I had recently a discussion about that. Perhaps it was teached in my generation and the generation of IT people before me. However it seems this has been omitted in the newest generation of IT people, because i just had to do this discussions with people just a few years out of education. Perhaps it’s just a thing of experience, however it’s so basic that it should be part of experience, but part of learning. As i tend to speak with clever people, most of them get it immediately, however i find it quite astonishingly that this simple thing gets out of focus.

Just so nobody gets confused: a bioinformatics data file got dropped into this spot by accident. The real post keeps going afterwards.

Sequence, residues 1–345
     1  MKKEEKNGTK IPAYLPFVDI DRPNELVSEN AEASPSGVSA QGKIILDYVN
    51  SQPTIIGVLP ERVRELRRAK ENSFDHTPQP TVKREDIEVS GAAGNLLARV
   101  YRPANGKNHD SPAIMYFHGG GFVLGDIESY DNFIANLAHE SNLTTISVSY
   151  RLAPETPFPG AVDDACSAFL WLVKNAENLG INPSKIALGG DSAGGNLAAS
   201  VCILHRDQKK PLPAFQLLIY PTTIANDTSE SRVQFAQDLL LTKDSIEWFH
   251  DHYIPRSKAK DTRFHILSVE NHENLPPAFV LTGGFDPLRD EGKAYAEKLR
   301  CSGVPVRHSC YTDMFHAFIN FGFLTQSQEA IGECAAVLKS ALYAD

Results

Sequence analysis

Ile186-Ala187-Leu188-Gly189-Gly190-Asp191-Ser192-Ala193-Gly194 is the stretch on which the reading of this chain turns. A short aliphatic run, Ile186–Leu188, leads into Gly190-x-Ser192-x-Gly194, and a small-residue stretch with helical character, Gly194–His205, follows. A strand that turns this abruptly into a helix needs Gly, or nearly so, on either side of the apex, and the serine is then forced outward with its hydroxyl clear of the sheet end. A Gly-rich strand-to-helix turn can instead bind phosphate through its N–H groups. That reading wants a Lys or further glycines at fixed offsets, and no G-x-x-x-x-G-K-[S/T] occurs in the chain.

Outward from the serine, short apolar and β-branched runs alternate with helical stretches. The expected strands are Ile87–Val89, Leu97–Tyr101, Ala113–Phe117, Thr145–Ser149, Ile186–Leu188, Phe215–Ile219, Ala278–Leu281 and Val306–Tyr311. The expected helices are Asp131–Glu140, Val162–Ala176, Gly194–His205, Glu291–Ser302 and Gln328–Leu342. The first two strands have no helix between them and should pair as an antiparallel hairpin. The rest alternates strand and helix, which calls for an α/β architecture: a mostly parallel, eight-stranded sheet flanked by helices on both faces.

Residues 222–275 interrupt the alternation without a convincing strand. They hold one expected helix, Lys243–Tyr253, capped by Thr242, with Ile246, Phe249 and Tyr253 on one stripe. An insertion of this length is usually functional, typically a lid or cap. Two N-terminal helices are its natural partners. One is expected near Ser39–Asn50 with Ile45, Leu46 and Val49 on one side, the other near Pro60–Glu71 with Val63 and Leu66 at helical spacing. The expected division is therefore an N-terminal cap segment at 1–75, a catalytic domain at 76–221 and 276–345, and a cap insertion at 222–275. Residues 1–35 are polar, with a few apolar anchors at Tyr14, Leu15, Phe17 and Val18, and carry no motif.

Let’s assume you had a slow computer and a storage system. Let’s assume you have a batch task that needs 100 seconds on CPU and 10 seconds on disk. Let’s assume you get a ten times faster computer. The compute time will shrink to 10 seconds, the disk time stays at 10 seconds. Somehow some people expect that with a 10 times faster CPU your task will be 10 times faster. But this isn’t true: Instead of 110 seconds your need 20 seconds. You have a speedup of 5.5 … Sometimes people expect when they do another upgrade, that they see at least the same speedup as in the past, when they buy a computer that is ten times faster again. However: Your compute task takes now 1 second, the disk part still takes 10 seconds. You are at 11 seconds run time. You get a 1,81 speedup by investing in a 10 times faster computer And just now you are at the 10 times speedup some people expect to see at the step before. Another step: Yet another computer that is ten times faster. You just have a speedup that is 1,08. And so on. When you start with a not so compute bound task (one that takes like 10 seconds on-CPU and 10 seconds on-disk) you don’t get the first 5.5x speed up, you start at a speedup of 1.8 and from there you can do what you want, you get the meagre speedups you rarely recognise. In the rush of the daily business, the simple truths are sometimes forgotten.